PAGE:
Themes and Meanings
“Grace” is the penultimate story in Dubliners (1914), a collection that James Joyce called “a chapter of the moral history of my country” that would reveal Dublin as “the center of paralysis.” The collection’s stories proceed through four changing stages of life: childhood, adolescence, maturity, and public life. “Grace” concerns itself with public life—specifically the relationship between the business and the religious worlds.
All the Dubliners stories are relatively brief and ostensibly direct presentations of everyday events in the Irish capital. “Grace” is an unremarkable story about ordinary events. Although there is some trauma involved with Tom Kernan’s initial crisis (for example, he bites off the tip of his tongue and must remain bedridden for several days), the damage that he experiences is more to his dignity than to his physical health. There may be greater danger to his marital or spiritual well-being, but these possibilities are evaded rather than discussed in the story. The events in “Grace” are simple: A businessperson who drinks too much is taken by his friends to a retreat so that he can reform. It is the underlying theme of irony, expressed through indirection and Joyce’s careful use of specific words, that give the story its real meaning, that of the essential hollowness of “religion” in early twentieth century Dublin life.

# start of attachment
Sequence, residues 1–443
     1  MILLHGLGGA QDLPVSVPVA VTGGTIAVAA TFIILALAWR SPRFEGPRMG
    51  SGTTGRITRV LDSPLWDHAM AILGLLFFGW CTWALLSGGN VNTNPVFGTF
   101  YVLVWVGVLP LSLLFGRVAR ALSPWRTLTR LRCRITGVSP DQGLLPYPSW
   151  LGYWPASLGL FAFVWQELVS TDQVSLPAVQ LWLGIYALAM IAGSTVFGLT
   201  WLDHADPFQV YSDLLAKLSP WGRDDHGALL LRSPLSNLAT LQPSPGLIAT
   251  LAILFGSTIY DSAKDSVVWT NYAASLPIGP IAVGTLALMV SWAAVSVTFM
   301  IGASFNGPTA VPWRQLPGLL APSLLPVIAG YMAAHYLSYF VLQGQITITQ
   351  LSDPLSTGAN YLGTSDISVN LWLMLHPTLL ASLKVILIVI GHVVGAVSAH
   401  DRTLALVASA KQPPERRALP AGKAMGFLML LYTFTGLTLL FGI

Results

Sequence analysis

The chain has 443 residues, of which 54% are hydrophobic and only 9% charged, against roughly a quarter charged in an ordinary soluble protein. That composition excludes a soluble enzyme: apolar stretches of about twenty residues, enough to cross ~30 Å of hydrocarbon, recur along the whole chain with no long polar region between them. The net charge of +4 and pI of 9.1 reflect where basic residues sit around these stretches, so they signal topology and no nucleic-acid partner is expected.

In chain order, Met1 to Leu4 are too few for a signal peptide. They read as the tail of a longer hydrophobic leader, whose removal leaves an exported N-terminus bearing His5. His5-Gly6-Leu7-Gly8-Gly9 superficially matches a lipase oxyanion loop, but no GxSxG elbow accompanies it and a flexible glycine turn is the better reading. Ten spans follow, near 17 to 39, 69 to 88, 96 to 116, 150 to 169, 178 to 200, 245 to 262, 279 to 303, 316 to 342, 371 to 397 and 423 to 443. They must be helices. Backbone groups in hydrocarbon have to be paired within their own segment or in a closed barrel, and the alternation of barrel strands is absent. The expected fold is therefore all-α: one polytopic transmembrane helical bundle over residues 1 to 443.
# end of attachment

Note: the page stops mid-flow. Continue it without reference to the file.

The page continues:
The Christian concept of “grace” has to do...
(The entire section is 494 words.)